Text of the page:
Pitt–Newcastle ministry

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Pitt–Newcastle ministry
Pitt the Elder (above) and the Duke of Newcastle (bottom)

The Pitt–Newcastle ministry governed the Kingdom of Great Britain between 1757 and 1762, at the height of the Seven Years' War.[1] It was headed by Thomas Pelham-Holles, 1st Duke of Newcastle, who was serving in his second term as Prime Minister. The most influential and famous figure in the government however was William Pitt, who served as Secretary of State.

The ministry ended a period of political instability, when Britain had struggled in the war. Pitt was a strong war leader, but lacked the support in parliament necessary to provide effective leadership. Newcastle provided this, as he had a strong base of support in the House of Commons. They divided duties between each other: Pitt directed defence and foreign policy, while Newcastle controlled the nation's finances and patronage.

The ministry was very successful, leading Britain to many victories in the war, particularly in the so-called Annus Mirabilis of 1759, which put the country in an immensely strong position by 1761. That year, Pitt resigned over a dispute concerning the entry of Spain into the war. The ministry had been under pressure since the death of the old King with the accession of King George III, who disliked both Pitt and Newcastle and favoured John Stuart, 3rd Earl of Bute. Bute had joined the Cabinet as Northern Secretary in March 1761, and following Pitt's resignation the ministry is sometimes referred to as the Bute–Newcastle coalition.[1][2]

In 1762 Newcastle was forced to resign, with his followers (the "Pelhamites") sacked by Bute in the "Massacre of the Pelhamite Innocents";[3][4][5] this is traditionally considered to have been the moment the ministry collapsed.[6]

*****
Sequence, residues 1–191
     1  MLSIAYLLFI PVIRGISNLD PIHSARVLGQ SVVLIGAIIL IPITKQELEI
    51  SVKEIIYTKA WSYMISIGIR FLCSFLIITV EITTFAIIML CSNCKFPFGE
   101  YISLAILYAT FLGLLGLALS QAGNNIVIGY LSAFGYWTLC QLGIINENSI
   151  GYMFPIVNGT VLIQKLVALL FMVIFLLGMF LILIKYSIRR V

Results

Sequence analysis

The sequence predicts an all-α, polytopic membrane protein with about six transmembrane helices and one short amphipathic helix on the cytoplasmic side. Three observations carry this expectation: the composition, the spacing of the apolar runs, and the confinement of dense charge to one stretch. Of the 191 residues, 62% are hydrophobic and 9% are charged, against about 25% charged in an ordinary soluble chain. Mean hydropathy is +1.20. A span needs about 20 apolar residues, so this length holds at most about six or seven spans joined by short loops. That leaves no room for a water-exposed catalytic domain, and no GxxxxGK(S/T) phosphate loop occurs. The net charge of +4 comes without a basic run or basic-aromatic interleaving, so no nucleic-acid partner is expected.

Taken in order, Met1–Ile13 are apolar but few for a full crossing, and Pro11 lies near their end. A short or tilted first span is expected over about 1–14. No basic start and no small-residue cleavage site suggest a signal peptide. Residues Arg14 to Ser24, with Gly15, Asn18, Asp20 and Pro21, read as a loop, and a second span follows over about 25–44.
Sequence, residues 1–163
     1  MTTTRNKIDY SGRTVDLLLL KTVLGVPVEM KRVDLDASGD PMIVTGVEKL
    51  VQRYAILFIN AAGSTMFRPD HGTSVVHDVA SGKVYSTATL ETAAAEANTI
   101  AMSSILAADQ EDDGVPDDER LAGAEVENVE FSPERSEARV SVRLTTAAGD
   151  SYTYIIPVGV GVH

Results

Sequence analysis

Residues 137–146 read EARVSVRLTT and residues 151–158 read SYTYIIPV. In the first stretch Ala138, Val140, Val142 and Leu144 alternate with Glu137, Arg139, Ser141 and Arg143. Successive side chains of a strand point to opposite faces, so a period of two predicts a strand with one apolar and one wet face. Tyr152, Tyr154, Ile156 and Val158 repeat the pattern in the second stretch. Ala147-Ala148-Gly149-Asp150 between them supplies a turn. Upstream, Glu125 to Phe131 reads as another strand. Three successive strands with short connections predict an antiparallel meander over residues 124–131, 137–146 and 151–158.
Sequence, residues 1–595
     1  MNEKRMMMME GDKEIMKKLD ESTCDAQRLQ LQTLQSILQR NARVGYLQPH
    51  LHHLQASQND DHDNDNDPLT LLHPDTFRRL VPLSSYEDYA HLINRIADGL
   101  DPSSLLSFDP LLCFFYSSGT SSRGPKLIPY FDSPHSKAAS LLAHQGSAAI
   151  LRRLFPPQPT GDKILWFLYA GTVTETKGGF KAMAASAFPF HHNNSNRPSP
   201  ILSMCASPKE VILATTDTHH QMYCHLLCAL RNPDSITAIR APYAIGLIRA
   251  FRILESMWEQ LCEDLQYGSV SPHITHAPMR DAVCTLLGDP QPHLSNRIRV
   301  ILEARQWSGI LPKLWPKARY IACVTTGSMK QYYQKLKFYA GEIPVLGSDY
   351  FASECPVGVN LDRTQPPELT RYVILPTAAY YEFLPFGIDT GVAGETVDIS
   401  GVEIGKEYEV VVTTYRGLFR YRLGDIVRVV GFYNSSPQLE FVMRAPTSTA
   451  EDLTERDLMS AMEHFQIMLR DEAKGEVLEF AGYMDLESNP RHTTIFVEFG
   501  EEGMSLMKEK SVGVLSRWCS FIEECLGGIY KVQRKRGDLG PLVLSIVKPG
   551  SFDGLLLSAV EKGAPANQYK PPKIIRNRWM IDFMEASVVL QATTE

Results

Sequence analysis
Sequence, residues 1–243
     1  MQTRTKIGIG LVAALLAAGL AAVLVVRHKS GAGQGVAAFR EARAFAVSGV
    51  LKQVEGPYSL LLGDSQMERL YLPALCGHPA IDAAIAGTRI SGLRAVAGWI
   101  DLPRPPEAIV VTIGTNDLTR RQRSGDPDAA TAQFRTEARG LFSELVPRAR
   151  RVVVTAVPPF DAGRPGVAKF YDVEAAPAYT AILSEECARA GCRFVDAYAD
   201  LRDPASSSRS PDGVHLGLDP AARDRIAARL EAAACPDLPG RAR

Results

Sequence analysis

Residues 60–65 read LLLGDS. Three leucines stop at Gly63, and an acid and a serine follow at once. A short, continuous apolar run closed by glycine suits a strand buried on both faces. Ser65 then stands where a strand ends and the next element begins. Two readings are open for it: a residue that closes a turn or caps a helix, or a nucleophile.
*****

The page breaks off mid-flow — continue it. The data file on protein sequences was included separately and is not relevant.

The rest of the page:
The Ministry[edit]

It is unclear who was member of the ministry.[clarification needed]

Office Name Term
The Duke of Newcastle 1757–1762
Hon. Henry Bilson Legge 1757–1761
The Viscount Barrington 1761–1762
Lord Chancellor[9] Sir Robert Henley, to 1761 as Lord Keeper; from 1760 The Lord Henley 1757–1762
Lord President of the Council[10] The Earl Granville 1757–1762
Lord Privy Seal[11] The Earl Temple 1757–1761
In commission 1761
The Duke of Bedford 1761–1762
Leader of the House of Commons William Pitt the Elder 1757–1761
George Grenville, also Treasurer of the Navy 1761–1762
Secretary of State for the Southern Department[12] William Pitt the Elder 1757–1761
The Earl of Egremont 1761–1762
Secretary of State for the Northern Department[12] The Earl of Holderness 1757–1761
The Earl of Bute 1761–1762
Master-General of the Ordnance[13] The Duke of Marlborough 1757–1758
Vacant 1758–1759
The Viscount Ligonier 1759–1762
First Lord of the Admiralty[14] The Lord Anson 1757–1762
Keeper of the Great Seal of Scotland[15] The Duke of Argyll 1757–1761
The Duke of Queensberry and Dover 1761–1762
Lord Chamberlain of the Household[16] The Duke of Devonshire 1757–1762
Lord Steward of the Household The Duke of Rutland 1757–1761
The Earl Talbot 1761–1762
Chancellor of the Duchy of Lancaster The Lord Edgcumbe 1757–1758
The Earl of Kinnoull 1758/59[17]–1762
Lord Lieutenant of Ireland The Duke of Bedford 1757–1761
The Earl of Halifax 1761–1762
Master of the Horse[18] The Earl Gower 1757–1760
The Earl of Huntingdon 1760–1761
The Duke of Rutland 1761–1762
Paymaster of the Forces The Lord Holland 1757–1765

See also[edit]


  1. ^ a b Chris Cook; John Stevenson (1980). British Historical Facts, 1760–1830. Archon Books. p. 11. ISBN 0208018689.
  2. ^ Namier, Lewis; Brooke, John (1985). The House of Commons 1754–1790. Boydell & Brewer. p. 518. ISBN 9780436304200.
  3. ^ Roberts, Clayton; Roberts, David F.; Bisson, Douglas (July 2016). A History of England, Volume 2: 1688 to the Present. Routledge. p. 311. ISBN 978-1-315-50960-0.
  4. ^ Kelch, Ray A. (1974). Newcastle; a Duke Without Money: Thomas Pelham-Holles, 1693-1768. University of California Press. p. 178. ISBN 978-0-520-02537-0.
  5. ^ Bloy, Marjie (30 April 2017). "The Massacre of the Pelhamite Innocents". Retrieved 16 August 2017.
  6. ^ Middleton 1985, p. 209.
  7. ^ "Haydn's Book of Dignities, 1851, page 112".
  8. ^ "Haydn's Book of Dignities, 1851, page 168".
  9. ^ "Haydn's Book of Dignities, 1851, page 105".
  10. ^ "Haydn's Book of Dignities, 1851, page 119".
  11. ^ "Haydn's Book of Dignities, 1851, page 147".
  12. ^ a b "Haydn's Book of Dignities, 1851, page 172".
  13. ^ "Haydn's Book of Dignities, 1851, page 192".
  14. ^ "Haydn's Book of Dignities, 1851, page 160".
  15. ^ "Haydn's Book of Dignities, 1851, page 401".
  16. ^ "Haydn's Book of Dignities, 1851, page 206".
  17. ^ Kinnoull and Duchy of Lancaster have different dates stated for the change due to the death of The Lord Edgcumbe on 25 December 1758.
  18. ^ "Haydn's Book of Dignities, 1851, page 209".


Preceded by
Caretaker ministry
Government of Great Britain
Succeeded by
Bute ministry